‘Concerns expressed about franchising were usually around local government’s capacity, capability and motivation in moving to franchising, and also that the policy is a distraction from other measures that would benefit bus services,’ he observed, adding, ‘we know that combined authorities and PTEs have the capacity and track record to deliver complex transport schemes and tendering exercises.’ Franchising gave local authorities a greater stake in local services and more of an incentive to tackle all of the issues.
He concluded, ‘People who believe in a dynamic future for public transport should welcome this, in particular, the chance to see what fully integrated rail, bus and light rail networks outside London can look like again and what this can achieve. This is not a future that can be shouted down or wished away in favour of living in the past… The world is changing… Uber is not going away, devolution is not going away, and the aspiration that cities have for integrated public transport networks – one network, one brand, one ticketing system – that is not going to go away either. It is a future in which there are exciting opportunities for both public and private sector alike, where the bus has a bright future, going with the grain of where our cities want to be and what passengers of today and tomorrow want.’
David Brown, Chief Executive, Go Ahead Group said that the different options all had their place at the right time, in the right place, with the right conditions and for the right reasons: it had got to be about the passenger.
Looking at whether a London style system was right elsewhere, he pointed out that London was different, population growth in the suburbs drove bus growth and the economy drove the underground. It worked, but it hadn’t always been so. Franchising can also produce a rubbish network and in the 1990s London wasn’t great. He also stressed that the origins of franchising in London meant that the public sector did it to itself. There were no losers, there was no private investment at the beginning. It was public sector and a few private operators bidding against the public sector, and then along came privatisation, so when you bought companies you did so with the full knowledge of what your order book was, and you bid accordingly. There were no losers.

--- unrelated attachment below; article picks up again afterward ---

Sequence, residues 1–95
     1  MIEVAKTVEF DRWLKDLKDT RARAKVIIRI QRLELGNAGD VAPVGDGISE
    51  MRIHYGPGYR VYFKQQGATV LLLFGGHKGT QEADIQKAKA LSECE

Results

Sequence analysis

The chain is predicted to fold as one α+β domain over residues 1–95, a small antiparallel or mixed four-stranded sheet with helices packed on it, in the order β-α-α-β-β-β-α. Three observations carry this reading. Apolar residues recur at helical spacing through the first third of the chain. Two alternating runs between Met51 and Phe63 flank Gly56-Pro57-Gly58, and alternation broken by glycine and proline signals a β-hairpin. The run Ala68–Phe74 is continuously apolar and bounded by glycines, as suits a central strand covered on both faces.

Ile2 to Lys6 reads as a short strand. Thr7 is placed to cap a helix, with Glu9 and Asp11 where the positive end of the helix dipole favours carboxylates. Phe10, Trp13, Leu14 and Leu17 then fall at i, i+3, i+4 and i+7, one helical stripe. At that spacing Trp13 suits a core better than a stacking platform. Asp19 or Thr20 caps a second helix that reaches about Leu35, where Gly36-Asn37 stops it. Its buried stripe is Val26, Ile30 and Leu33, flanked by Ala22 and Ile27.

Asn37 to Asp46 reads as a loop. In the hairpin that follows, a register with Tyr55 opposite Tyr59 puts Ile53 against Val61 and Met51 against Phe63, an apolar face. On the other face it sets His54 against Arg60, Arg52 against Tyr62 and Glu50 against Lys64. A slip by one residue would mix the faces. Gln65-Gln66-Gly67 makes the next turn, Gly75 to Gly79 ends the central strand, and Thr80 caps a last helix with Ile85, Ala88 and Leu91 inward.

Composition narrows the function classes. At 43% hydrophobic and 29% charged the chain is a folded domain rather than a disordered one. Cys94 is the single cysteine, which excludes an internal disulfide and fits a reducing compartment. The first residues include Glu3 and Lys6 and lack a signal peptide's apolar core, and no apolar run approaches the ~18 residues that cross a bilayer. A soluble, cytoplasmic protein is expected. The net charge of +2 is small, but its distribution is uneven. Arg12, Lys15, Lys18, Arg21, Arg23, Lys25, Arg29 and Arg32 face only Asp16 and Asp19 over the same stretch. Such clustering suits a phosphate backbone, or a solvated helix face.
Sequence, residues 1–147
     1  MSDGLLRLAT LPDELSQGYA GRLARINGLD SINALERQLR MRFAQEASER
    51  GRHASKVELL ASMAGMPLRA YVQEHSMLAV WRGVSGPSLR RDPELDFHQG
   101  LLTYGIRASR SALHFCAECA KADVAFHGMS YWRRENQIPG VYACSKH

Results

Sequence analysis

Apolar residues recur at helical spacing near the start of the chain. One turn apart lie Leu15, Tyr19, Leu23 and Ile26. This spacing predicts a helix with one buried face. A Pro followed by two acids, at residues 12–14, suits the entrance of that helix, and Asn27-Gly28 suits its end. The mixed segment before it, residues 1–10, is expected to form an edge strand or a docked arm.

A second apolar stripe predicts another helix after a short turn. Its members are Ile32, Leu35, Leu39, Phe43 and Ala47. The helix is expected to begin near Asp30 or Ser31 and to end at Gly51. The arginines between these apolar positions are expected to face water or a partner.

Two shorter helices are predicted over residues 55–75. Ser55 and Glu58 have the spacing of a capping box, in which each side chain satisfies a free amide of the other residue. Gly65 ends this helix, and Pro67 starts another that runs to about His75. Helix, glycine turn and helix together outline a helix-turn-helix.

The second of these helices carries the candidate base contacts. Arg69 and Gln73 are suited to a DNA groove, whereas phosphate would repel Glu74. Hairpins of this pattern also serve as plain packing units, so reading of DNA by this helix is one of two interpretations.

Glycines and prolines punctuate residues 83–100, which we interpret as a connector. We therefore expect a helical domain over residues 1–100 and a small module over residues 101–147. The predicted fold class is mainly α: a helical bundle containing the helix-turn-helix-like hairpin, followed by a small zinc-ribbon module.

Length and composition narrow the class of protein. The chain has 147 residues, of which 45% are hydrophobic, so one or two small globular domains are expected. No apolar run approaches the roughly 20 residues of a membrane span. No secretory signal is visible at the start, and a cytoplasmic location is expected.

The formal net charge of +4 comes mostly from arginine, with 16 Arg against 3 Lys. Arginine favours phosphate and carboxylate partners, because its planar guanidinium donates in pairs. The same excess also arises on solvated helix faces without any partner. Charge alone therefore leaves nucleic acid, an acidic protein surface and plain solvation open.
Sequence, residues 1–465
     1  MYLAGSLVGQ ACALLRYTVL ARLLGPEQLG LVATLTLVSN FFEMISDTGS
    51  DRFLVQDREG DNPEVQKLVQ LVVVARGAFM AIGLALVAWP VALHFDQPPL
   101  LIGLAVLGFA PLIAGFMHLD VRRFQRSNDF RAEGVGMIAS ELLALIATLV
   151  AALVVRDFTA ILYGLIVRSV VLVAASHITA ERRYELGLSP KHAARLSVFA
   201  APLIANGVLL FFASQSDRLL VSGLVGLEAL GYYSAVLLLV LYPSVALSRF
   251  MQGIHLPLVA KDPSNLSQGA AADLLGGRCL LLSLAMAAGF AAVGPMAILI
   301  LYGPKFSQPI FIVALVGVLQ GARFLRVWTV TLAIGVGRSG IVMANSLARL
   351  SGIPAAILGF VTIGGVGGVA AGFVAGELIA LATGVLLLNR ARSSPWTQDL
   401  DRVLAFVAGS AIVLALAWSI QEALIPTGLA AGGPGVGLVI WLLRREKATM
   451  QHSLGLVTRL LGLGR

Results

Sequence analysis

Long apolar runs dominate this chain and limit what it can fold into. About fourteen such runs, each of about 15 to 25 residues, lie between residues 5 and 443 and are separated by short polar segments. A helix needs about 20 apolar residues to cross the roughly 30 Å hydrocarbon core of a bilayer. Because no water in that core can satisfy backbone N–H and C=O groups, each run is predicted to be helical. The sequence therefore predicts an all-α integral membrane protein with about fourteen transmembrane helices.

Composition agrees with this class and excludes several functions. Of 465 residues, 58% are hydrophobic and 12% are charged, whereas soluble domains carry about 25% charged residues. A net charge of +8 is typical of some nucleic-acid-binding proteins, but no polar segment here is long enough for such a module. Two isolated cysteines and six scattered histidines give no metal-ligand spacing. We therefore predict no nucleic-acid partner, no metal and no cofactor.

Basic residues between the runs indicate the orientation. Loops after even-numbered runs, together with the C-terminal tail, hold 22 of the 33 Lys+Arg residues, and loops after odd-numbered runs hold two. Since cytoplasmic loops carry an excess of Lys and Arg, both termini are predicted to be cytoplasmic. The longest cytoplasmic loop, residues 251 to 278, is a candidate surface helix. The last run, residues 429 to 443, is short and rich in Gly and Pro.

London is a growing economy and Newcastle isn’t, it’s tough there, the economy hasn’t recovered yet. London is a 24 hour economy where 40% of the growth has been driven by off-peak service provision, there’s traffic congestion on a scale unimaginable elsewhere and there’s congestion charging, expensive parking and red routes with heavy fines, bus lanes with camera enforcement and traffic lights with bus priority and it’s the only area of the UK with declining car ownership.
It costs. The revenue is about £1.5bn and the cost of the service is about £2.1bn with the £600m difference largely made up of central government funding. And because the costs are higher the fares are higher, it’s where the investment comes from. There’s a candidate for Mayor saying he’ll take fares down, it means he’ll take investment down. David said every penny that had been earned in the North East had been reinvested in vehicles and property and it could only be done if you made a profit, in London it could only be done through revenue and pricing.